Songwriter Joe Michelini compares his songwriting procedure to painting on a large canvas. He is accustomed to and prefers creating long-form art on a large scale which is conveyed in his songs. You could say each of his albums is conceptual, and each song plays its role in telling the story, as is the case for “The Real Thing.”
“This song was part of a disciplined writing session, meaning I sat down to write a song without an initial idea,” Michelini told American Songwriter. “Like all the other songs on the record, I wrote it to say something the other songs didn’t. I really only ever create larger format work, and each song is a piece of that. It’s beyond “liking albums as a whole,” my whole life I’ve only ever wanted to write 40+ min work, maybe the way some artists only work with large canvases. So, this song is a scene, late in the record, looking back on it all and wondering if I’ve lied to myself about love as a fantasy.”
“I do my best work in my periphery. If I can distract my conscious mind, maybe driving or something like that, I really free up my subconscious to any and all possibilities,” he said of his creative process. “I would say I get my best song ideas when I’m not holding an instrument. I need the canvas to be blank and limitless, whereas sometimes I’m limited by my own ability on an instrument or by the sound of a particular instrument. I try to imagine anything and work backwards from there.”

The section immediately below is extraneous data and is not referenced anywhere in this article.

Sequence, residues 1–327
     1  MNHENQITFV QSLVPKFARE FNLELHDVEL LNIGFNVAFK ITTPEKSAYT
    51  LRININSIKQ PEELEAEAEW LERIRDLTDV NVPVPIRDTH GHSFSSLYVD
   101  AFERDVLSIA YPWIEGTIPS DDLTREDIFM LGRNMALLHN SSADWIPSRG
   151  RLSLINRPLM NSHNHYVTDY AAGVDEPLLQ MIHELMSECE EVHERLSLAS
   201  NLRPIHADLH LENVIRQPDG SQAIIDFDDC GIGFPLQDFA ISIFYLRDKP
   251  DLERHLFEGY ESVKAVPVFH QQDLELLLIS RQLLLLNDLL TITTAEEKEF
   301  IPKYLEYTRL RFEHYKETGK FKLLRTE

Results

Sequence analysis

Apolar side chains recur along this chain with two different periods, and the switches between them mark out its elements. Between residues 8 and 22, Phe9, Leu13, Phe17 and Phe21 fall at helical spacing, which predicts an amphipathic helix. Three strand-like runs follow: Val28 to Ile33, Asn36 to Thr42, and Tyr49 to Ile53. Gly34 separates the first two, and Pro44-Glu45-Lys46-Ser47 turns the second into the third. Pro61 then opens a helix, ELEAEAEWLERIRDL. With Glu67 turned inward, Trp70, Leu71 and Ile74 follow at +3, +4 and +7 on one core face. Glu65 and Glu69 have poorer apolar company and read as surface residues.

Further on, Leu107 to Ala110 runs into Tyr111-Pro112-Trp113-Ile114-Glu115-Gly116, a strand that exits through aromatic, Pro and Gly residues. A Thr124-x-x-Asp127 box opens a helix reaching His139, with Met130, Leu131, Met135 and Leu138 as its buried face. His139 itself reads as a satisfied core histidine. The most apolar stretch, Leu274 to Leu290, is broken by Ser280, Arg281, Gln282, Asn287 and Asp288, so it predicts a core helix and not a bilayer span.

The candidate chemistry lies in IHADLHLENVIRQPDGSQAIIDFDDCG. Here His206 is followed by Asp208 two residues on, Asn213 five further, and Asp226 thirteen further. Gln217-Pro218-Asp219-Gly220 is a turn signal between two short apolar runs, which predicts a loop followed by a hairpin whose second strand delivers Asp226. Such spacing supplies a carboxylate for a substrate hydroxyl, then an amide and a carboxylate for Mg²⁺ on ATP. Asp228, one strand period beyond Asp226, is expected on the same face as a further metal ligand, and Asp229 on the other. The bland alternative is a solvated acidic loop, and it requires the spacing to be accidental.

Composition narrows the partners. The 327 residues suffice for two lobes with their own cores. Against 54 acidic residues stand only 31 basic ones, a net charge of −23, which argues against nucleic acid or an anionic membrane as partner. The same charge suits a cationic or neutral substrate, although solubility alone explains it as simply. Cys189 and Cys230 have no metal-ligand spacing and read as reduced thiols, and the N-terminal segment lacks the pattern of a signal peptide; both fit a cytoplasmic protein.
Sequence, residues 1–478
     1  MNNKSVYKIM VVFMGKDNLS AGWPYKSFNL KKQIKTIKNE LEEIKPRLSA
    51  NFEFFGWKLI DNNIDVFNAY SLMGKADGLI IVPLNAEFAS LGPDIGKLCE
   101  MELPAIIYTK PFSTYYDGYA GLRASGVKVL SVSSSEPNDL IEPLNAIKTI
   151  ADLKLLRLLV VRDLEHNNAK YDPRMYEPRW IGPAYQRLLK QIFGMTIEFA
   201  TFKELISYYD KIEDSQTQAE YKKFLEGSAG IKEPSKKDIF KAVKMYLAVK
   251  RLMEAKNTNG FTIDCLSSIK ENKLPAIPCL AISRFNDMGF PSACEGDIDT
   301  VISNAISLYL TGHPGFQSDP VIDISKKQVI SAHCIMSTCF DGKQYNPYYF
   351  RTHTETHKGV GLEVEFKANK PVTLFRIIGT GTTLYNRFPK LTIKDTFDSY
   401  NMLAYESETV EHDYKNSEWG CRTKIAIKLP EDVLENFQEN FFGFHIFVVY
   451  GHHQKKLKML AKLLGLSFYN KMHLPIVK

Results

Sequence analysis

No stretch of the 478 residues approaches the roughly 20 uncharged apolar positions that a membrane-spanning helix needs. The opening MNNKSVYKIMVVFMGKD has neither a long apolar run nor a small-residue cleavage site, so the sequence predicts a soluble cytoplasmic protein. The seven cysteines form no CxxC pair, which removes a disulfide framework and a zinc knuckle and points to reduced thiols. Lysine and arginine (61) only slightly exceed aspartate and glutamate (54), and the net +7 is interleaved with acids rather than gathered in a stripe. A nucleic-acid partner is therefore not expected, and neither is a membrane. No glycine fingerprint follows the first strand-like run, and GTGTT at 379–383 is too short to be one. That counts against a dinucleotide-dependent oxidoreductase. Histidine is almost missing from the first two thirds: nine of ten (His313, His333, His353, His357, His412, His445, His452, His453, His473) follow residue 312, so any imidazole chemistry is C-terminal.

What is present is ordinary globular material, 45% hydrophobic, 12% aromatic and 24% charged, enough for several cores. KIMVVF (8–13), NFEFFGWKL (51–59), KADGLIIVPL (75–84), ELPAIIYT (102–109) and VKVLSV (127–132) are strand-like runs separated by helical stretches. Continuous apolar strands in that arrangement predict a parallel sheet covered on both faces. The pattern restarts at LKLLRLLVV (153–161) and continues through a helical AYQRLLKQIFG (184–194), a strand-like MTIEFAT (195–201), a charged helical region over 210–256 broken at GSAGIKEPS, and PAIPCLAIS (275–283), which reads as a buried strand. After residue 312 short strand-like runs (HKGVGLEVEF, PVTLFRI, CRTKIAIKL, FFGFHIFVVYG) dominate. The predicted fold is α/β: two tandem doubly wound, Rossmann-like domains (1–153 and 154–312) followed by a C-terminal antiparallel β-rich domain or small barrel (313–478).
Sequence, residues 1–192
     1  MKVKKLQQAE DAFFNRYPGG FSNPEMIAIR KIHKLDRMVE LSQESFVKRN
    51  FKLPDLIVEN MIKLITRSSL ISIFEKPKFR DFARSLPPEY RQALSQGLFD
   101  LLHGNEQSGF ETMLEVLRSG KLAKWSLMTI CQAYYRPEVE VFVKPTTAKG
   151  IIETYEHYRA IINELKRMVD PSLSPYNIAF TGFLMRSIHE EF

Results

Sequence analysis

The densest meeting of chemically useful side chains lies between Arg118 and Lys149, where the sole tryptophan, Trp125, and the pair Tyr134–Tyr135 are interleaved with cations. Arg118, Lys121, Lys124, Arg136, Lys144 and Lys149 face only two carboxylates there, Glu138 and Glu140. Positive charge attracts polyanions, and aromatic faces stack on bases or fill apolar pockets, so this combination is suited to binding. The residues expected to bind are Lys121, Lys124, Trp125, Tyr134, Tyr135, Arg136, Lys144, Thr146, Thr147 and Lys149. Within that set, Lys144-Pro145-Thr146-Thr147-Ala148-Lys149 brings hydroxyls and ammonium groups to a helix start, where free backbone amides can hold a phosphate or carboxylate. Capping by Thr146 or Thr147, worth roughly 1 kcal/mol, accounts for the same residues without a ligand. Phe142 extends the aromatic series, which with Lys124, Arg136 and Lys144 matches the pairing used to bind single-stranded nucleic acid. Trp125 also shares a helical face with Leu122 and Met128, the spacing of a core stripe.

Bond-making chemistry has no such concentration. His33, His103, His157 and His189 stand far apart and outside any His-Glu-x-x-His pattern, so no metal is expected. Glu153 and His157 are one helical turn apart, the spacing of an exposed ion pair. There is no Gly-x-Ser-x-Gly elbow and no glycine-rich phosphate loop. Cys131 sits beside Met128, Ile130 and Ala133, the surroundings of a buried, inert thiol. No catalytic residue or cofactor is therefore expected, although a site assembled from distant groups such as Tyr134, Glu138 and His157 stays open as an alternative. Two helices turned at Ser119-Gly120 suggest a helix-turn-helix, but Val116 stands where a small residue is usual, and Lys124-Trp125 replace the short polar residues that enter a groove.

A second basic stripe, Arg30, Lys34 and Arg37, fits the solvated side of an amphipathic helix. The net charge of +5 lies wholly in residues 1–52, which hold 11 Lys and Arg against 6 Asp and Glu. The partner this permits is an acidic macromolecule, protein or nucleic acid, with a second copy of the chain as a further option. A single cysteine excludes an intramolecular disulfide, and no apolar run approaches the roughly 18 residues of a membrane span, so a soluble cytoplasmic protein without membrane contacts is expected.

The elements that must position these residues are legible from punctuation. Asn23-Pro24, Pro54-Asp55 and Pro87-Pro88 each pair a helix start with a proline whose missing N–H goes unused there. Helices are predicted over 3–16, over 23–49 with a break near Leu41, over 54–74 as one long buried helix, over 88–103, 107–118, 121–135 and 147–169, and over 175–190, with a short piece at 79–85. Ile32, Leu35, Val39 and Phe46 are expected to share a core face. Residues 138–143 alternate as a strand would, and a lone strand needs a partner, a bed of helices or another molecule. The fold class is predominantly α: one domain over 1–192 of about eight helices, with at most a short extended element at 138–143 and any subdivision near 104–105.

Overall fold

Ironically, “The Real Thing” serves the same idea of distraction that Michelini taps into while writing. The post-punk styled tune is a welcomed escape, rampant with charismatic post-punk vocal stylings and pronounced percussion that was mainstreamed by acts like Siouxsee and The Banshees and Nick Cave and The Bad Seeds in the eighties and early nineties. Considering the almost eerie tone to pop-punk, the song is surprisingly calming and lifts you up and away, captivating you and engulfing you in the sound.
The single comes from American Trappist’s forthcoming album The Gate, due for a May release. It was recorded at Michelini’s home studio, Berlin Studios. The album was the band’s first go at tracking live together with the exception of synth and vocals that were later over-dubbed. The record features an exceptional performance quality due to the band’s extensive experience playing the songs live for a year before going into the studio. And there to polish said performance was Philadelphia engineer Jackie Milestone and Alan Douches of West West Side Music in New York.